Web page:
In the United States, there are nearly 23 million social workers, police officers, teachers, nurses, and other public servants who regularly connect people in need with the services they need. However, these professionals most frequently must rely on word-of-mouth referrals, paper directories, and hours upon hours of Googling to do so, resulting in inefficient and, in some cases, ineffective care.
Why does this problem exist?
The landscape of social services is constantly evolving: service eligibility requirements change, agency contact people come and go, programmatic offerings expand and contract based on agency funding, and so on. Most social service professionals are too busy to spend significant time collecting and validating such information personally, and most social service agencies do not have room in their budgets to invest in tools that would enable them to do so organizationally.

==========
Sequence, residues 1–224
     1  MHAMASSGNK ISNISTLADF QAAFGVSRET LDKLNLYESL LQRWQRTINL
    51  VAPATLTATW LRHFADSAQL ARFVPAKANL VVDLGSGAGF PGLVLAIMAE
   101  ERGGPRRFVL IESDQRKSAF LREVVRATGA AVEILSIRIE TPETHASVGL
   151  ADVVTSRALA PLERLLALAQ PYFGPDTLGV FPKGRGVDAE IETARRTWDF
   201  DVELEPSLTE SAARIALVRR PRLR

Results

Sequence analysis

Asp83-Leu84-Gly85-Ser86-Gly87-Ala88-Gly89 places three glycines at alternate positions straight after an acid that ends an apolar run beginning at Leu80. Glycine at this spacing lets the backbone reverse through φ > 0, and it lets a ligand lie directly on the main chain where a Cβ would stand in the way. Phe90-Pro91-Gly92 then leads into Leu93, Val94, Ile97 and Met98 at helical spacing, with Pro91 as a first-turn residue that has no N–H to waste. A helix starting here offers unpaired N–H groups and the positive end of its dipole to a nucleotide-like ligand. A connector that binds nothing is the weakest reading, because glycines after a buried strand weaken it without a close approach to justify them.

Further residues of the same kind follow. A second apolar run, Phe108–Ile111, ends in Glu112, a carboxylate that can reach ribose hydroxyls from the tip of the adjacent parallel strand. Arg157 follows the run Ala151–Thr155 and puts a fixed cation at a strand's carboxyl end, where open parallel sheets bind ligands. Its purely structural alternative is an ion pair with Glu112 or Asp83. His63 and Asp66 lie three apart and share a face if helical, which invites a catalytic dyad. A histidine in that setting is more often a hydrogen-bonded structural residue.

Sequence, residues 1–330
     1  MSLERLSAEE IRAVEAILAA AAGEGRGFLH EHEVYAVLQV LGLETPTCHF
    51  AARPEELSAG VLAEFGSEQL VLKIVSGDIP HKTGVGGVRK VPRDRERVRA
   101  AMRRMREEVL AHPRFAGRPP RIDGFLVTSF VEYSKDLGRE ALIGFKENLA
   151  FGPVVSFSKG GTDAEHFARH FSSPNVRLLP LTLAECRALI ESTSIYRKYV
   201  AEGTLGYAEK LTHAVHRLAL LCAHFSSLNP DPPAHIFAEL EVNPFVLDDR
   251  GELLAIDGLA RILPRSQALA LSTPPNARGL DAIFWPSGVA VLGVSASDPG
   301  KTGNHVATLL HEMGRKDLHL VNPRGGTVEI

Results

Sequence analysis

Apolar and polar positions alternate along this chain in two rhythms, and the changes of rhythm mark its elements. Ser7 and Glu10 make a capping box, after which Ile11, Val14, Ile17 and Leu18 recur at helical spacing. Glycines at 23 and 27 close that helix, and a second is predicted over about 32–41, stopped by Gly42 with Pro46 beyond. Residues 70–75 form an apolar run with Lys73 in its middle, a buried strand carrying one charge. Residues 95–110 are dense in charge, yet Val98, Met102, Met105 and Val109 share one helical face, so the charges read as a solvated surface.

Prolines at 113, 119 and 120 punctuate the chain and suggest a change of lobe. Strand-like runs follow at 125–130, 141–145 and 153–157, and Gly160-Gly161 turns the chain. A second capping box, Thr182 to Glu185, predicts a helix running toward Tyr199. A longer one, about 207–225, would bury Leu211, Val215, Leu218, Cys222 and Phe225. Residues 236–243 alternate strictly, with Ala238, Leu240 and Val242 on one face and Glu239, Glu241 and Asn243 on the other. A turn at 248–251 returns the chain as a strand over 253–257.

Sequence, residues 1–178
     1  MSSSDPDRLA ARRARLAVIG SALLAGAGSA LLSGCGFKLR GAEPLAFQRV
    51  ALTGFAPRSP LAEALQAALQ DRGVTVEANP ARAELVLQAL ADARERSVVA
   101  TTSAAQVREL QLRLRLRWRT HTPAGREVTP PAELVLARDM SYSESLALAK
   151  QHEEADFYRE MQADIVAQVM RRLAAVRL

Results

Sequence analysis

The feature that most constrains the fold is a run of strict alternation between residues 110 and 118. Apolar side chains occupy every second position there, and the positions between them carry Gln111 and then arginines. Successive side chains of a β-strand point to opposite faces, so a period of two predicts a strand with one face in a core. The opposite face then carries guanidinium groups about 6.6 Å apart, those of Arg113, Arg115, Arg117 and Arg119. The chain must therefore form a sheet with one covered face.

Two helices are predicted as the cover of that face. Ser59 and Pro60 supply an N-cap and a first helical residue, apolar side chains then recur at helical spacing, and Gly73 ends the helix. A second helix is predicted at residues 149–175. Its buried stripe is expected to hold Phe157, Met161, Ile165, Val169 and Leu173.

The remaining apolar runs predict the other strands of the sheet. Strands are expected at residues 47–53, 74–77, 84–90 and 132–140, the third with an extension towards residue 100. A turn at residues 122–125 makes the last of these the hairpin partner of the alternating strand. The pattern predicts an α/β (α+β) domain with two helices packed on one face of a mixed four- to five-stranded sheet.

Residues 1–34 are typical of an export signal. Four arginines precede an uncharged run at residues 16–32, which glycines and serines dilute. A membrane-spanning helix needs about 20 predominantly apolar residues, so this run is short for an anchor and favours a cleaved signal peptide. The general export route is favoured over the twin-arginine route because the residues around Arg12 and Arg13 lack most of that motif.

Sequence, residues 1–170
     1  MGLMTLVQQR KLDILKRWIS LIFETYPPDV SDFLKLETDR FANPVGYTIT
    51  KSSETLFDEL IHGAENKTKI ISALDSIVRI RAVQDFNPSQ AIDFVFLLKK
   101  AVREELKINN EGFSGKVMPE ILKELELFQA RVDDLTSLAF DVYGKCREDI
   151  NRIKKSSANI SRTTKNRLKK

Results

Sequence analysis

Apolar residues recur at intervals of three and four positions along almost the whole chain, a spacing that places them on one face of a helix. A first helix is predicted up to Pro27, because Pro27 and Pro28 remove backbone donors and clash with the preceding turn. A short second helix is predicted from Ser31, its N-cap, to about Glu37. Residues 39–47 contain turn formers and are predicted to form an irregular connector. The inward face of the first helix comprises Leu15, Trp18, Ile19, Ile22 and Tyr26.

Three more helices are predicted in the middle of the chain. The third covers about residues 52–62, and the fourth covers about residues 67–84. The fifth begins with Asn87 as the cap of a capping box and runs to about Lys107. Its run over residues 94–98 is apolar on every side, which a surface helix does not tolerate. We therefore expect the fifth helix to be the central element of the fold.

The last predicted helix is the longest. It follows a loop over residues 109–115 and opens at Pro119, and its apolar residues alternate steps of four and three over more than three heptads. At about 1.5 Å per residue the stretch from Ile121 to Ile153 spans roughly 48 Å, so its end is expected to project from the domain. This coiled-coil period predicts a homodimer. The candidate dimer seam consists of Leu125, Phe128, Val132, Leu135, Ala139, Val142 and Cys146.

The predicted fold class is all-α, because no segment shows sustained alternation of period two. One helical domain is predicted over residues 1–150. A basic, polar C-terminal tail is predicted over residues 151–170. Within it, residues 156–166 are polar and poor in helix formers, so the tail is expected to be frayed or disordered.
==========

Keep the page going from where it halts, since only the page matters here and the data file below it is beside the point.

Various nonprofit entities have attempted to aggregate and deliver such information in printed directories, online portals, or call centers, but they have generally struggled to keep their data up-to-date because of the considerable technical challenges involved and their associated costs. Moreover, potential for-profit vendors of such elusive information are competing against “free” services that have existed, in some cases, for decades: word-of-mouth referrals, paper directories, and online search engines.